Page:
Kingsman: The Secret Service Review
Kingsman: The Secret Service is yet another comic-book inspired notch in director Matthew Vaughn’s belt. With Kick-Ass and X-Men: First Class serving as solid warm-ups for Vaughn, Kingsman may very well be the best of the lot with its solid blend of cool gadgetry, stylish action and it’s lack of fear for being completely over-the-top.
Because that’s truly what Kingsman is all about, taking classic tropes and cliches and pushing them to ridiculous heights. And for what it’s worth, it works very well, delivering a film that is equal parts thrilling and hilarious.
Kingsman stars Taron Egerton as Eggsy, a ne’er-do-well from the estates of London who becomes wrapped up in the underground world of The Kingsmen, a secretive spy agency that his father once was a part of. He is tutored by Harry Hart (played excellently by Colin Firth), a longtime Kingsman whose life was saved by Eggsy’s father. Eggsy and the Kingsmen must fight to save the world from megalomaniac billionaire Richmond Valentine (Samuel L. Jackson, of course), whose philanthropy is a cover for his dubious plans.
It’s a straight forward plot that has been used many times before: boy follows in his father’s footsteps to join a secret agency that protects the world. But you see, Kingsman does it so much better than many of those other films. Eggsy isn’t your usual quiet kid who gets caught up in the action; he is a cocky, brash kid from a rough neighborhood. And a cocky, brash kid joining a league of gentlemen spies, well… You can imagine where a good deal of the film’s humor originates. Egerton does a valiant job carrying a majority of the film. He is surrounded by several other much more experienced actors, but he is funny, likable and is the perfect man for the audience to cheer for. Also, it is worth noting that he dons an accurate London accent, something that Hollywood tends to have difficulty portraying.
However, on the side of the Kingsmen, Firth really steals the show. He is an excellent combination of suave, physical, and witty. A true English gentleman who is perfectly comfortable deploying his finely honed skills to kick your ass. And kick ass he does. There are multiple scenes throughout the film where Hart dispatches entire rooms of enemies and they are some of the most enthralling moments of the film.Vaughn’s deft and stylish direction of these action sequences must also be commended. The action flies across the screen at a breakneck pace, but it is never confusing or muddled. In fact, slow-motion is perfectly utilized to really drive home some of the film’s more brutal violence. The use of The Kingsmen’s various cool gadgets is also a highlight. Spy watches, HUD glasses and utility umbrellas are just a few of them worth mentioning.
And what can one expect from a (non-Marvel) Matthew Vaughn film? Kingsman puts the violence at the forefront, delivering some of the shocking and gruesome kills that people either loved or hated about Kick-Ass. And in the same vein, a great deal of this violence is used for comedic effect. In fact, there isn’t much about Kingsman that isn’t played for laughs at some point. The film is quite funny and isn’t afraid to mix some good old fashioned physical humor in with the dry, sardonic English wit put forth by Hart and Mark Strong’s Merlin.
Anyway, back to how awesome Colin Firth is. Yeah, he’s awesome. And he even carries a great deal of the film’s limited emotional impact. Little emotion hinges on the awful deeds that Valentine commits or will commit. Instead, the characters themselves carry it with them from their pasts. Although there isn’t much time for characterization, what is there is done well. Eggsy and Hart are (no pun intended) the heart of the movie and they are the focus of the film’s time spent on character development. Their characters are fleshed out well, with their eventual bonding feeling natural and necessary, but it would have been nice to see some of the film’s supporting players receive a little more love. Merlin, essentially the Kingsmen’s version of Q, is an excellent character, but he is criminally underutilized. Perhaps a possible sequel will do him justice. Also, Roxy, Valentine’s sword-legged assistant, has potential, but she has very little to do in a film crowded with action and characters.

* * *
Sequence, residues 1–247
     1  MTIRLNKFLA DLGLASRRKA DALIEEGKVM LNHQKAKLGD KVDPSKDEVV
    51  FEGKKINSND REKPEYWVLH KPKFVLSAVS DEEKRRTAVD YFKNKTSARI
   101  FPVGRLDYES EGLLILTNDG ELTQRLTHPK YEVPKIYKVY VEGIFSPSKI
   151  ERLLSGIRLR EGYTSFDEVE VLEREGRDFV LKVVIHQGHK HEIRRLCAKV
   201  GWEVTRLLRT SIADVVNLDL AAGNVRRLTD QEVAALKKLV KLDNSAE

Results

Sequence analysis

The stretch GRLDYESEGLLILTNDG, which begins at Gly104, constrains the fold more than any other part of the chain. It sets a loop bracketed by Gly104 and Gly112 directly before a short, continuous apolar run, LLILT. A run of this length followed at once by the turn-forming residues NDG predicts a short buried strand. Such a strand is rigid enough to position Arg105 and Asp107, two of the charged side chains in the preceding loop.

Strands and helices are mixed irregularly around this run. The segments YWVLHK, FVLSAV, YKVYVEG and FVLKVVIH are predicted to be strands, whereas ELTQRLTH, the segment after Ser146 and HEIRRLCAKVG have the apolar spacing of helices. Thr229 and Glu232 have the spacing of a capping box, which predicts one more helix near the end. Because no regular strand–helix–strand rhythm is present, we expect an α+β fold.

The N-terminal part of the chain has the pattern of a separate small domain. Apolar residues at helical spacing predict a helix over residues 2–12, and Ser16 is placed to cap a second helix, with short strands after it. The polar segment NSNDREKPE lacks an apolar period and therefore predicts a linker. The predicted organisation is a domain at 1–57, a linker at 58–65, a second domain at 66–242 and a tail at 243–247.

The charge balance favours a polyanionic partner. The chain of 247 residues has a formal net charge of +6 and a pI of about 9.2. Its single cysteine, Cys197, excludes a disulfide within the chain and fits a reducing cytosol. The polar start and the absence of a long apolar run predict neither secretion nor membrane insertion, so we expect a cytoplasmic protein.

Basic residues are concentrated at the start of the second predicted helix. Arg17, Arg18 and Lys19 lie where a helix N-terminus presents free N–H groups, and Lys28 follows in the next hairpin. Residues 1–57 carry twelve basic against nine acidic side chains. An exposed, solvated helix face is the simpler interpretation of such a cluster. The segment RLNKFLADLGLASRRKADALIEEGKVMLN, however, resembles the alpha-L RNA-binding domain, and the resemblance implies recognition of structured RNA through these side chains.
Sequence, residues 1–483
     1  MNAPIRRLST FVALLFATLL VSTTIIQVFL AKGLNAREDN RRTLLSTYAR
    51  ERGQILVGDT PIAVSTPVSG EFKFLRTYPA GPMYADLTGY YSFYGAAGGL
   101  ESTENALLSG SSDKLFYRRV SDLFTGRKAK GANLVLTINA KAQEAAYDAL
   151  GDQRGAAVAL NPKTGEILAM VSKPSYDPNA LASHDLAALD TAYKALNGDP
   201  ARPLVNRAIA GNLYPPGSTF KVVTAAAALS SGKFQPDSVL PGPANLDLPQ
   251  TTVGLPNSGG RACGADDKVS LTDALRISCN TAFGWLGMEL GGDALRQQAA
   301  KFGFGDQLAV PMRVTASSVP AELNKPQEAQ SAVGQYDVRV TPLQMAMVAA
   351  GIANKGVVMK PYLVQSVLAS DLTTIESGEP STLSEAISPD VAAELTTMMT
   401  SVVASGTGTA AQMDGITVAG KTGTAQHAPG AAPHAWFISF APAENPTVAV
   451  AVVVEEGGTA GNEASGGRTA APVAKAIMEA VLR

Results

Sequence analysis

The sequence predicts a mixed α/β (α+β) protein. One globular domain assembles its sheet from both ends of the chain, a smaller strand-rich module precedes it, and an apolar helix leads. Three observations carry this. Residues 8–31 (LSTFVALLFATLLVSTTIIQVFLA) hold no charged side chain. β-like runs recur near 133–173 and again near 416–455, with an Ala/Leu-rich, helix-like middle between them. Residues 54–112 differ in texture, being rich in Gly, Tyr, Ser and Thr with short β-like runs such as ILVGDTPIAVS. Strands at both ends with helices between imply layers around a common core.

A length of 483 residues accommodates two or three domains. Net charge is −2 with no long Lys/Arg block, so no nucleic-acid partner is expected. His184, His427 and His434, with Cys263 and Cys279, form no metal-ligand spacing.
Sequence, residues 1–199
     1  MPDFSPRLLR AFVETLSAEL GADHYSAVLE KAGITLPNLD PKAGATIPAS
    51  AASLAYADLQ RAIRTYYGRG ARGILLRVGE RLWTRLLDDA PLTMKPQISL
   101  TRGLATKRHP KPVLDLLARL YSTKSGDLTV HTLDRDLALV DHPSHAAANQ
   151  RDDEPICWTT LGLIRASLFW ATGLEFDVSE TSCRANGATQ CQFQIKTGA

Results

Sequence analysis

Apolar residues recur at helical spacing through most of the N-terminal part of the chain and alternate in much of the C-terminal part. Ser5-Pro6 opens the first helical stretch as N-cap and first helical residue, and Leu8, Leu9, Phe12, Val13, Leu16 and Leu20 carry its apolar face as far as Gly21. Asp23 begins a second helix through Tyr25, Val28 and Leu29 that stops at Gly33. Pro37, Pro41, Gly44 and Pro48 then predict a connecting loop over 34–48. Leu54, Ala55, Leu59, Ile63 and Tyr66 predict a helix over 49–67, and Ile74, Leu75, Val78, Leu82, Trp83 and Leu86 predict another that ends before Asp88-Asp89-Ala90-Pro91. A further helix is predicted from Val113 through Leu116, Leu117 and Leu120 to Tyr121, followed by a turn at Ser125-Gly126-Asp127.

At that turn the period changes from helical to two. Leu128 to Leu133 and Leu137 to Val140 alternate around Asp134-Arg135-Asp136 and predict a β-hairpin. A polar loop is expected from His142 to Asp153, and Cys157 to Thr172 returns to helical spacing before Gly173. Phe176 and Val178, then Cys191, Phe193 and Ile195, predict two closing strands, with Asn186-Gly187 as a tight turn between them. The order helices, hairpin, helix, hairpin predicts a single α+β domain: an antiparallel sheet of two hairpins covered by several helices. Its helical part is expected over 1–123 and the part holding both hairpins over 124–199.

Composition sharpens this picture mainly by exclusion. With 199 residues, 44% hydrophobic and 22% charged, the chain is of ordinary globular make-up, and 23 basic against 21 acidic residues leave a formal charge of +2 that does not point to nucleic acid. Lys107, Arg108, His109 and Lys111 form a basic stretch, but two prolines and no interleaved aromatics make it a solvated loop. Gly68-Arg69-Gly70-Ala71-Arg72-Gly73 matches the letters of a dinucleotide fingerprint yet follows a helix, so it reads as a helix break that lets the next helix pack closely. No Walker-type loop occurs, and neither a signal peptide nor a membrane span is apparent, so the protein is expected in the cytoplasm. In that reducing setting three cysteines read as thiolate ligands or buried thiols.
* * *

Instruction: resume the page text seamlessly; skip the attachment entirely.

At this point, the only character I haven’t touched on is Samuel L. Jackson’s Valentine, the villain of the film. While clearly a parody of the dark, serious, suave villains that Bond constantly faces, Valentine lisps and laughs his way through much of the film. He is a loud, colorful, billionaire philanthropist with some pretty twisted plans. Oh, and he is awesome, too. Valentine essentially is like every other spy film villain in intentions, but his personality and background are more modern and realistic. For all intents and purposes, Valentine is Mark Zuckerberg if he decided to kill billions of people.
Valentine, while serving as the antagonist, also gives the film a hearty injection of humor. He is so utterly over-the-top and… well, silly, you can’t help but laugh. He wouldn’t seem out of place in an Austin Powers movie if it weren’t for the fact that that he does in fact have some very serious plans for the world. His character truly serves as a microcosm for Kingsman as a whole. A nice, shiny coating of over-the-top silliness, with an undercurrent of dark, serious spy stuff. It’s easy to get sucked in by Colin Firth taking out a room of baddies with badass gadgets and then delivering a witty one-liner, but you’ll want to stay for the film’s more serious, tense moments. It’s a magnificent duality that not every film can pull off, but thanks to strong performances by the entire cast and some of the best direction of Matthew Vaughn’s career, Kingsman just works.
Colin Firth, Taron Egerton and Sam Jackson
Lack of characterization for a great deal of the cast